Landscape-Scale Characterization of Arctic Tundra Vegetation Composition, Structure, and Function with a Multi-Sensor Unoccupied Aerial System (UAS)

UAS imagery reveals that, in higher abundance, tall shrubs tend to cool arctic landscapes and reduce species richness

Plant species maps created from multi-sensor UAS imagery. The high-resolution of UAS imagery enables accurate mapping of 13 tundra plant species and four non-vegetation components.

[Reprinted under a Creative Commons Attribution 4.0 International License (CC BY 4.0) from Yang, D., et al. “Landscape-Scale Characterization of Arctic Tundra Vegetation Composition, Structure, and Function with a Multi-Sensor Unoccupied Aerial System.” Environmental Research Letters 16 (8), 085005 (2021). DOI:10.1088/1748-9326/ac1291]

The Science

The Arctic is warming faster than anywhere else on Earth, driving important changes in vegetation composition, structure, and function. Traditionally, satellite remote sensing has been used to monitor changes in the Arctic; however, the heterogeneity of tundra landscapes and the coarse resolution of satellite data have left critical gaps in our understanding of Arctic vegetation. Unoccupied Aerial Systems (UASs) can provide the rich, spatially detailed information on vegetation dynamics necessary to improve the remote sensing of tundra vegetation. Using a novel UAS, scientists found that deciduous tall shrubs had strong localized effects on surface energy balance and vegetation composition, where increased tall shrub cover led to a significant reduction in surface temperature and the abundance of other plant species.

The Impact

Increasing shrub cover and height in the Arctic is a key control on large-scale changes in plant biodiversity, energy balance, and biogeochemical cycling. The resolution of traditional satellite remote sensing is too coarse to capture the fine-scale surface heterogeneity in arctic landscapes, creating significant challenges in understanding the impacts of “shrubification” on tundra ecosystems. To address this challenge, scientists employed a novel multi-sensor UAS to investigate the influence of arctic shrubs on plant community composition and surface energy balance at a very high spatial resolution. The use of this UAS platform allowed for a deeper understanding of fine-scale controls on vegetation structure, composition, and energy cycling. This information will be used to improve scaling efforts that employ other airborne or satellite platforms.


Changes in vegetation composition, structure, and function have strong impacts on terrestrial ecosystems and feedbacks to global climate. In the Arctic, average temperatures are warming twice as fast as the global average, with important implications for tundra vegetation dynamics. Remotely monitoring these changes, however, is challenging given the high spatial heterogeneity of tundra vegetation and surface properties in these ecosystems. To address the challenges of characterizing the fine-scale patterns of arctic vegetation and primary controls on composition, structure, and surface energy cycling, researchers used a novel multi-senor UAS platform to map the spatial patterns of vegetation composition, structure, and function across multiple arctic watersheds. Results show that the fine-scale details provided by UAS platforms can significantly improve understanding of the drivers of arctic vegetation distribution, structure, and thermoregulation. In particular, the researchers found a significant localized ‘cooling’ effect in areas of higher tall shrub abundance that has important implications for surface energy balance. The establishment of tall shrub individuals also reduced the abundance of other vegetation types in arctic plant communities, due to increased competition for light and resources, as well as creating a more closed canopy. Importantly, these fine-scale patterns of tundra vegetation also drive the emergent, landscape-scale cycling of carbon, water, and energy in Arctic ecosystems.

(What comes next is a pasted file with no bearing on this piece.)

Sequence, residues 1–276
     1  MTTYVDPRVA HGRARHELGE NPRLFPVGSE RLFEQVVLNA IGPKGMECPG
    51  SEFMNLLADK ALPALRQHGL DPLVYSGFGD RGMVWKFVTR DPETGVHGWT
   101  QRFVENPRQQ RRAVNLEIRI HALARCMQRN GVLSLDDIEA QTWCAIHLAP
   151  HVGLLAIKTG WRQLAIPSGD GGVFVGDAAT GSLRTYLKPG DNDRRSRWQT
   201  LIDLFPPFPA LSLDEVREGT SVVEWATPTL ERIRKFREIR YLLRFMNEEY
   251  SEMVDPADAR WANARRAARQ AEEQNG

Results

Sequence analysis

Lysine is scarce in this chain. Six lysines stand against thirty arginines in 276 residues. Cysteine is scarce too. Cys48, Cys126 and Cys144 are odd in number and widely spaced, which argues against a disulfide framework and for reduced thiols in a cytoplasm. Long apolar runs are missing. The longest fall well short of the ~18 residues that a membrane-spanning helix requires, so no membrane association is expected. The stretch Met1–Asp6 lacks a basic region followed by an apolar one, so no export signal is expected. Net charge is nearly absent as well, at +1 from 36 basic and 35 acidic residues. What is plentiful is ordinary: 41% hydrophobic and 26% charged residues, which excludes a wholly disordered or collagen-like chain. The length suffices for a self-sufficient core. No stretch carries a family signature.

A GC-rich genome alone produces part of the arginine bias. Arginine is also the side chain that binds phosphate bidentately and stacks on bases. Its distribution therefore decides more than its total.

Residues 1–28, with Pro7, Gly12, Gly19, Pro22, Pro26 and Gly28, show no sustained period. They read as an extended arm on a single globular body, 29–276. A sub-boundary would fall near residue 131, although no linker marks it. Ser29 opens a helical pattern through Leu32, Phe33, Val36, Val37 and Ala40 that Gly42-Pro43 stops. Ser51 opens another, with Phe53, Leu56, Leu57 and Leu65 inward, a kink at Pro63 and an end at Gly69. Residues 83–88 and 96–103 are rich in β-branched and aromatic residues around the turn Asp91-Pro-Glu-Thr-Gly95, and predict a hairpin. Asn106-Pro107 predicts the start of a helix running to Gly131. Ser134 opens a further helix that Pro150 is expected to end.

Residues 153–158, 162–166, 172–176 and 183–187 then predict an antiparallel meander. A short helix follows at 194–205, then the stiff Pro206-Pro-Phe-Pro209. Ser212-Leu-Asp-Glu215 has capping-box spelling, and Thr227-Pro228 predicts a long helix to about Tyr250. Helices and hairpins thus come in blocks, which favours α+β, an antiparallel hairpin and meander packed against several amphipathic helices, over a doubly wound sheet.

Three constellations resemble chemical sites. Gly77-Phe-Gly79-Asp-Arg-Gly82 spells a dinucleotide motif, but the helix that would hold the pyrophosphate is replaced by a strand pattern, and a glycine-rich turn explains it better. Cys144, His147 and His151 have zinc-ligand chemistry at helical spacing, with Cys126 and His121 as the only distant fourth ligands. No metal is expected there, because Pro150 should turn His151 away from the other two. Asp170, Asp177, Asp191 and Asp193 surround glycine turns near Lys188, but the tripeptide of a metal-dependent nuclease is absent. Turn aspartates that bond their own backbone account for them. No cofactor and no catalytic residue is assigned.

Principal Investigator

Shawn Serbin
Brookhaven National Laboratory

Program Manager

Daniel Stover
U.S. Department of Energy, Biological and Environmental Research (SC-33)
Environmental System Science


This work, the associated field data, and UAS collection campaigns were supported by the Next-Generation Ecosystem Experiments in the Arctic (NGEE-Arctic) project (DE-SC0012704), which is funded by the Office of Biological and Environmental Research (BER), within the U.S. Department of Energy’s (DOE) Office of Science.


Yang, D., et al. "Landscape-Scale Characterization of Arctic Tundra Vegetation Composition, Structure, and Function with a Multi-Sensor Unoccupied Aerial System." Environmental Research Letters 16 (8), 085005  (2021).

Yang, D. et al. "A Multi-Sensor Unoccupied Aerial System Improves Characterization of Vegetation Composition and Canopy Properties in the Arctic Tundra." Remote Sensing 12 (16), 2638  (2020).